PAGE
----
Pediatric Nephrology

, Volume 20, Issue 5, pp 636–643

A machine for haemodialysing very small infants

  • Nicholas L. Everdell
  • Malcolm G. Coulthard
  • Jean Crosier
  • Michael J. Keir
Original Article

DOI: 10.1007/s00467-004-1785-5

Cite this article as:
Everdell, N.L., Coulthard, M.G., Crosier, J. et al. Pediatr Nephrol (2005) 20: 636. doi:10.1007/s00467-004-1785-5

Abstract

Babies weighing under 6 kg are difficult to dialyse, especially those as small as 1 kg. Peritoneal dialysis is easier than haemodialysis, but is not always possible, and clears molecules less efficiently. Two factors complicate haemodialysis. First, extracorporeal circuits are large relative to a baby’s blood volume, necessitating priming with fresh or modified blood. Second, blood flow from infants’ access vessels is disproportionately low (Poiseuille’s law), causing inadequate dialysis, or clotting within the circuit.

These problems are minimised by using single lumen access, a very small circuit, and a reservoir syringe to separate the sampling and dialyser blood flow rates. Its manual operation is tedious, so we developed a computer-controlled, pressure-monitored machine to run it, including adjusting the blood withdrawal rate from poorly sampling lines. We have dialysed four babies weighing 0.8–3.4 kg, with renal failure or metabolic disorders. The circuits did not require priming. Clearances of creatinine, urea, potassium, phosphate and ammonia were mean (SD) 0.54 (0.22) ml/min using one dialyser, and 0.98 (0.22) ml/min using two in parallel. Ammonia clearance in a 2.4 kg baby had a 9 h half-life. Ultrafiltration up to 45 ml/h was achieved easily. This device provided infants with immediate, effective and convenient haemodialysis, typically delivered for prolonged periods.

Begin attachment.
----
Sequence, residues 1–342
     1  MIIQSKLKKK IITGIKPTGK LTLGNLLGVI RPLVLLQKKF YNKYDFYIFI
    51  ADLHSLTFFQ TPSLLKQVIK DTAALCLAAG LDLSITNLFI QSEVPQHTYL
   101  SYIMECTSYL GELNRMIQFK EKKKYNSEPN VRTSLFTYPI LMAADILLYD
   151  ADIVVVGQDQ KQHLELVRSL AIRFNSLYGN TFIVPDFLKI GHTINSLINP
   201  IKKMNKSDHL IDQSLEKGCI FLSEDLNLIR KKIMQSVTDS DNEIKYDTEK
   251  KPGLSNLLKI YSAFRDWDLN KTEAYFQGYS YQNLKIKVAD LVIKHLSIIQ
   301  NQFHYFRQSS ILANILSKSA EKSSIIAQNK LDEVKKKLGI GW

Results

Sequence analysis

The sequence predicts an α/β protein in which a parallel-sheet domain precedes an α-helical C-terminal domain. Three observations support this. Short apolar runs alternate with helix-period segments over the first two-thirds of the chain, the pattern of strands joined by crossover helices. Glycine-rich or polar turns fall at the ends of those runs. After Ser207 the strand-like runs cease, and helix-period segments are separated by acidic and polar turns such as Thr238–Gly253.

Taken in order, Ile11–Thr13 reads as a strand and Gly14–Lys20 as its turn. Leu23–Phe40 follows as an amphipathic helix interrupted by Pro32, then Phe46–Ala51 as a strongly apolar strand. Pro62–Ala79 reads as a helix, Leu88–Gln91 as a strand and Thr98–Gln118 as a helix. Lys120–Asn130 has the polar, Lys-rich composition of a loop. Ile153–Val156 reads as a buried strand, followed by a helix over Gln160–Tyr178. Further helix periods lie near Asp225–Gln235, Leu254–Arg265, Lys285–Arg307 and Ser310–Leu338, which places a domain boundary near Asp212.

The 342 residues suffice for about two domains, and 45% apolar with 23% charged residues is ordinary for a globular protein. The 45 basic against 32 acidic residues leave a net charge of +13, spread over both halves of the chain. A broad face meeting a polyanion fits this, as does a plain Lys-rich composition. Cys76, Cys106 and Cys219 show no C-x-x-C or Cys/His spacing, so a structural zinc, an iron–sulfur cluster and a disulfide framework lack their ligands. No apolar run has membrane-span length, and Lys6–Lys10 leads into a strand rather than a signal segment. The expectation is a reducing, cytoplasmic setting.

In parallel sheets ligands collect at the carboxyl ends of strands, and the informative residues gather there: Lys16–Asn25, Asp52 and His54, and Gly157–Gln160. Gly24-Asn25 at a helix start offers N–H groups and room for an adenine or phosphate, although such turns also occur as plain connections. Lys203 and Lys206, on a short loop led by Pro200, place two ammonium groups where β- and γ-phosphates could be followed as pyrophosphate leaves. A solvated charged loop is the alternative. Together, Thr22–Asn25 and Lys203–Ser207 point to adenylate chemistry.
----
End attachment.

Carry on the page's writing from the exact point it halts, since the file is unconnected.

Keywords

Dialysis Ultrafiltration Preterm baby Renal failure Renal clearance Renal replacement 

Copyright information

© IPNA 2005

Authors and Affiliations

  • Nicholas L. Everdell
    • 1
  • Malcolm G. Coulthard
    • 2
  • Jean Crosier
    • 3
  • Michael J. Keir
    • 4
  1. 1.Department of Medical Physics and BioengineeringLondonUK
  2. 2.Department of Paediatric NephrologyRoyal Victoria InfirmaryNewcastleUK
  3. 3.Department of Paediatric NephrologyRoyal Victoria InfirmaryNewcastleUK
  4. 4.Department of Medical PhysicsRoyal Victoria InfirmaryNewcastleUK

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